The story is a high point. Let’s put ending talk under spoiler tags. Absolutely phenomenal, nailing the characters, the writing, and the new additions while keeping their cores true to form. These versions of the characters feel like the definitive versions. The sense of humor is so great, and it rides that line of being too wacky, or Flanderizing too much without actually going over. It’s such a great mix.

Of a particular high point are the relationships between the characters that are further explored. You are going to love each and every one, and the ones you already loved you'll feel for even more. There are several changes to the plot that likewise make the experience better, more streamlined, and more believable.

The ending. Oof. I did not know what to feel. I honestly kept thinking about it. I’m firmly on the side of “I don’t know if it was the right choice or not”. Some people are declaring it a travesty, but I am going to see where they go with it. They aren’t wrong when they say “that” moment was robbed of its emotion, but could you ever really feel that way again? Especially when it’s what you suspect? The only way to do that would be to actually commit to a change (Sephiroth killing Tifa might have done just this. It would be so impactful after how they developed her in this game, could still preserve the themes of death and memory, and also make sense from a narrative perspective with Sephiroth trying again, since it was basically Tifa who stopped Sephiroth by bringing Cloud back. It seemed like they were hinting at this… but no).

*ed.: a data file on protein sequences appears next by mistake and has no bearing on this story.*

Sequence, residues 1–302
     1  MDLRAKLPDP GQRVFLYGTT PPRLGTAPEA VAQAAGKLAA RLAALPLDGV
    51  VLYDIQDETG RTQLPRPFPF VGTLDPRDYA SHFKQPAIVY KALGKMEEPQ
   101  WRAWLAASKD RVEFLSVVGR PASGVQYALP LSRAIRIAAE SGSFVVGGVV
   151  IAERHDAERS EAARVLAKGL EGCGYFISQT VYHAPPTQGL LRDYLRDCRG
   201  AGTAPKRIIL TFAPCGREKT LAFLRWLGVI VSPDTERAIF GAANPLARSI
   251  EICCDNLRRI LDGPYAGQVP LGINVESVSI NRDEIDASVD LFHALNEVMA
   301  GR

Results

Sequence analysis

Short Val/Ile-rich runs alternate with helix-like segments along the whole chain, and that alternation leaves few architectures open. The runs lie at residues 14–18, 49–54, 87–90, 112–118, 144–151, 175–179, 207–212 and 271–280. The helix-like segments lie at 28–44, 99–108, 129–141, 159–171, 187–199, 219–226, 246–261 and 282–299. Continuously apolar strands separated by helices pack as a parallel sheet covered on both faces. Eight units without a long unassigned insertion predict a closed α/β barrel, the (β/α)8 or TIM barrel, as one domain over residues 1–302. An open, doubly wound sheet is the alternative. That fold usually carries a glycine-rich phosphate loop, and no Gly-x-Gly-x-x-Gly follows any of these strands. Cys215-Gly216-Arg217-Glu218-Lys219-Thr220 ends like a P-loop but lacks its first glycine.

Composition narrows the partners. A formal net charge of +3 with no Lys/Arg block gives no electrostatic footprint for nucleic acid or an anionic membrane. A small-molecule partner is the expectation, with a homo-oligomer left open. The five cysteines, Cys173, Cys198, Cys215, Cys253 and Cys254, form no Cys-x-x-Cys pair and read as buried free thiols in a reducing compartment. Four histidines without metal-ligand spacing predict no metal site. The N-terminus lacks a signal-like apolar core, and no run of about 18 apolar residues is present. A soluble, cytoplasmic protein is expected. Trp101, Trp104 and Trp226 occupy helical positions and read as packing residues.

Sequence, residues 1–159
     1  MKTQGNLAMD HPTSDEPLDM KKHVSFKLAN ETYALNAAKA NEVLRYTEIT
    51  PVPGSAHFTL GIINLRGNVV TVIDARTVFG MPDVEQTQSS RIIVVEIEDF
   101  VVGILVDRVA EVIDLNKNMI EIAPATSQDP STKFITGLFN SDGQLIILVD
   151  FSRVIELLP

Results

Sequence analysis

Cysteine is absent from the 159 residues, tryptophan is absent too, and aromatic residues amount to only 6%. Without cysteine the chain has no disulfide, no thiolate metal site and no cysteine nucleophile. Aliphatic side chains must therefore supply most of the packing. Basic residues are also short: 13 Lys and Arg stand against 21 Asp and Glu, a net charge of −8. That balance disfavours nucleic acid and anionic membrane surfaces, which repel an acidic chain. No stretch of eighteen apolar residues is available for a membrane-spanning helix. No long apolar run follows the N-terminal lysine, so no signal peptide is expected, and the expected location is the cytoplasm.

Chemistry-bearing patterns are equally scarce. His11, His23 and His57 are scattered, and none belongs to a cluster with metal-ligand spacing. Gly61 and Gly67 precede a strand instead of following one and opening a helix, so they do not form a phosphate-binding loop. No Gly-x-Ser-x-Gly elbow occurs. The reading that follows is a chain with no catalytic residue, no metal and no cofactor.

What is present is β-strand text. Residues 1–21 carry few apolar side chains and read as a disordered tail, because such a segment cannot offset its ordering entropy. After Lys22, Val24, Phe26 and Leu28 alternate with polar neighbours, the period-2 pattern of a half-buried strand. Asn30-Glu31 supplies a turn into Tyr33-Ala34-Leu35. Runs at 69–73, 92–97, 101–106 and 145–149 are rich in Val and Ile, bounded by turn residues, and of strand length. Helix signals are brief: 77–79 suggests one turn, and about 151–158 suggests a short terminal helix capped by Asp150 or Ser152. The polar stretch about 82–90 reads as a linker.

Part of me is disappointed that not much really lived up to the “unknown future” promised in Remake’s end. And yet, I understand not going that way. But they way they did it… the confusion… the strange boss fights, I’ve got to take pause. On the other hand, I can see this being just as effective if they play their cards right in the final installment. After all, as mentioned above you’re never going to make people feel the same way they did in 1997. Aerith’s death but in HD is what you think you want, but probably would not be what you thought it’d be when you get it.

And so, I have hope that it will be addressed later. Perhaps when Cloud is in the Lifestream with Tifa, or maybe on the revisit to the City of the Ancients with Bugenhagen. It has the potential to be devastating in a totally unique way, given Cloud wasn’t necessarily ‘present’ for it, and he’d have to work through that.

I can imagine a path forward, but to me it seems perilous. The final installment will see if they make it across, and so I do my best to reserve judgement. But I’m only human, and the initial feeling as the credits rolled were not those of excitement and satisfaction as in Remake, but of unease and trepidation.

Plus, Hollow is a better credits song than No Promises to Keep.

The bottom line, is that it’s kind of like a dream. I’m amazed it exists the way it does, but like all great dreams some things are odd, and there’s sadness in waking up.